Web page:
However, the metaphor in w. 1-14 carries another message. YHWH's gift of jewels and precious stones to Israel in Isa 54:11-13 symbolises wedding gifts to a new bride (= voluntary choice of YHWH). The promise of divine protection in w. 15-17 becomes an extension of the marital metaphor in which the husband commits to protecting his (new) wife.45 Therefore, the wedding metaphor in Isa 54:1-14 introduces a theological novelty: YHWH, who is absent on the occasion of the transfer of primogeniture (Gen 27), now explicitly assents to the transfer of religious authority from Edom to Israel. This novelty invalidates the Edomites' recriminations (Isa 54:17a) concerning the Israelites' self-promotion as the holy people of YHWH. The rhetoric ambiguity in v. 16 clearly integrates such a tendency. On the one hand, the divine participation in the smiths' workshop is not denied, because such a denial would divest YHWH of many of his essential attributes. On the other hand, the ambiguity surrounding the subject of the verbs in 16aßy makes this divine presence easy to dismiss, promoting the idea of the disengagement of YHWH in regard to metallurgy. This tendency is strengthened by the parallel suggested between the metalworker (16a) and the destroyer (16b), which, after identifying the metalworkers with evil, denies their closeness with YHWH. This rhetorical strategy contributes to the idea of the replacement of Edom with Israel as the people of YHWH.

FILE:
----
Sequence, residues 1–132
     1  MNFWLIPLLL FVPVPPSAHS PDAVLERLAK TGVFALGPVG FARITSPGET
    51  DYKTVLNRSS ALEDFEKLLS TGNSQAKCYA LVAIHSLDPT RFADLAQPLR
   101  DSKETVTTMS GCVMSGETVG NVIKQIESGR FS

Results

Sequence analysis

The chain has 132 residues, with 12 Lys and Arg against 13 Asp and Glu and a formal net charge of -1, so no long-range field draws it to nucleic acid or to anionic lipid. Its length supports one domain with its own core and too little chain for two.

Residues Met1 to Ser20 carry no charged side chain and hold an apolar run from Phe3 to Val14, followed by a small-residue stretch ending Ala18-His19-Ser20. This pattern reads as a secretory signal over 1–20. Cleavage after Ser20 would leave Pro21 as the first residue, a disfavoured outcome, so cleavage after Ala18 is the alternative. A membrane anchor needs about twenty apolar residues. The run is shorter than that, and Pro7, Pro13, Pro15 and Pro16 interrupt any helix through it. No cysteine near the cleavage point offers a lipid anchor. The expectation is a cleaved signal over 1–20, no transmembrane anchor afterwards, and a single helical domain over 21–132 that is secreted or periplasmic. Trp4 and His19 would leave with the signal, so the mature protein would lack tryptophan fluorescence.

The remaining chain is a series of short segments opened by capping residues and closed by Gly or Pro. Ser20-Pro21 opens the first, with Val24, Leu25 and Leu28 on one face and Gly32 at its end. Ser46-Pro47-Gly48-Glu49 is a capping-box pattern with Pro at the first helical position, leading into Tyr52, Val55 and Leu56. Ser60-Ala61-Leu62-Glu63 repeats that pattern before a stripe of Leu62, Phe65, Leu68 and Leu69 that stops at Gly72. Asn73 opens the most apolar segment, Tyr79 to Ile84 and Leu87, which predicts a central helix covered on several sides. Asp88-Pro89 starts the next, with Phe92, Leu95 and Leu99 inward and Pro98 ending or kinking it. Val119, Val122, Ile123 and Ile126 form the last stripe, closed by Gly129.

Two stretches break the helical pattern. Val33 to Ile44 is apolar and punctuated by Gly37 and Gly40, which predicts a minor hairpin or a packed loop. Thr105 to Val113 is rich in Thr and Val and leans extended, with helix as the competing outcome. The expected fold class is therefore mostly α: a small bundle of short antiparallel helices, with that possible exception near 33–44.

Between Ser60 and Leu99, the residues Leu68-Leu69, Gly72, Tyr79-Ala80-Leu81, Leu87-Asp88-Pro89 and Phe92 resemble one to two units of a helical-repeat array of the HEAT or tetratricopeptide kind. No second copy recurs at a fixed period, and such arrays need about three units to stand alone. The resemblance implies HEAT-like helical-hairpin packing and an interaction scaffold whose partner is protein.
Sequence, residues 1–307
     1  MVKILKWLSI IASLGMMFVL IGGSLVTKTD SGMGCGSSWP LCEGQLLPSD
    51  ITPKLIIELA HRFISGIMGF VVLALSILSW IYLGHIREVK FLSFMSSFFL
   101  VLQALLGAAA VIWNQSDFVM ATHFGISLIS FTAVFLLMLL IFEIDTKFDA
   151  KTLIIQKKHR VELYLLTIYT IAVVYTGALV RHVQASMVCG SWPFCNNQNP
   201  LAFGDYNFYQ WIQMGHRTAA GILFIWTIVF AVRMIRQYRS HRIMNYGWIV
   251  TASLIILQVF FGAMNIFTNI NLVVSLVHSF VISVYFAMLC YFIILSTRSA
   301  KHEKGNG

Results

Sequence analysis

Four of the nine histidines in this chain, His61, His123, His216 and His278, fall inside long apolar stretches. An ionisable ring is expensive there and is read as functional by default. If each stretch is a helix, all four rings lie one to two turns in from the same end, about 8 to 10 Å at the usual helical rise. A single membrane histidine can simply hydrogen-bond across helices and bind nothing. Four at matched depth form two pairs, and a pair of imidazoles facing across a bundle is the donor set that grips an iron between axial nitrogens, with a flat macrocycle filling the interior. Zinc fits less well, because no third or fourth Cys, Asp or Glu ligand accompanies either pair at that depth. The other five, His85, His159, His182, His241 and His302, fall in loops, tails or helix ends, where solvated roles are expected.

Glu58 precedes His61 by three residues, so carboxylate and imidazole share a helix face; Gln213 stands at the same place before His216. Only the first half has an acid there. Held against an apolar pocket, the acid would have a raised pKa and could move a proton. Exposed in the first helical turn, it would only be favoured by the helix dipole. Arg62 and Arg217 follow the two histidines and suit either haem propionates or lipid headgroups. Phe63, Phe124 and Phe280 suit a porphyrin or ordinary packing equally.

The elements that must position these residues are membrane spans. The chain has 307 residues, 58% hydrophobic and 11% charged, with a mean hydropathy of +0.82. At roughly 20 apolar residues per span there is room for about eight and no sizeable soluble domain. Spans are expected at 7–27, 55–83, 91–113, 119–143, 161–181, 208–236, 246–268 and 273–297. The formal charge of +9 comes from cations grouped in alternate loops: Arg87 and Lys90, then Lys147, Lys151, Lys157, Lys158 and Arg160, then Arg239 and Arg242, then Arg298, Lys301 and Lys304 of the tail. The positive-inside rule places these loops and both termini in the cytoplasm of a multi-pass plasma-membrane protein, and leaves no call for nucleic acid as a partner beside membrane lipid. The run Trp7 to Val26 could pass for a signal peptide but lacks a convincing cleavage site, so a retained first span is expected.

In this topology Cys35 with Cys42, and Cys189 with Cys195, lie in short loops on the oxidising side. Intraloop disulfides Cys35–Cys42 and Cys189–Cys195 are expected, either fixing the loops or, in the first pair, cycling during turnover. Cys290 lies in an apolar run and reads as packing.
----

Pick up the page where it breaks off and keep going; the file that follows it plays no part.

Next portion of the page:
3 The Anti-Edomite Position in Isaiah 54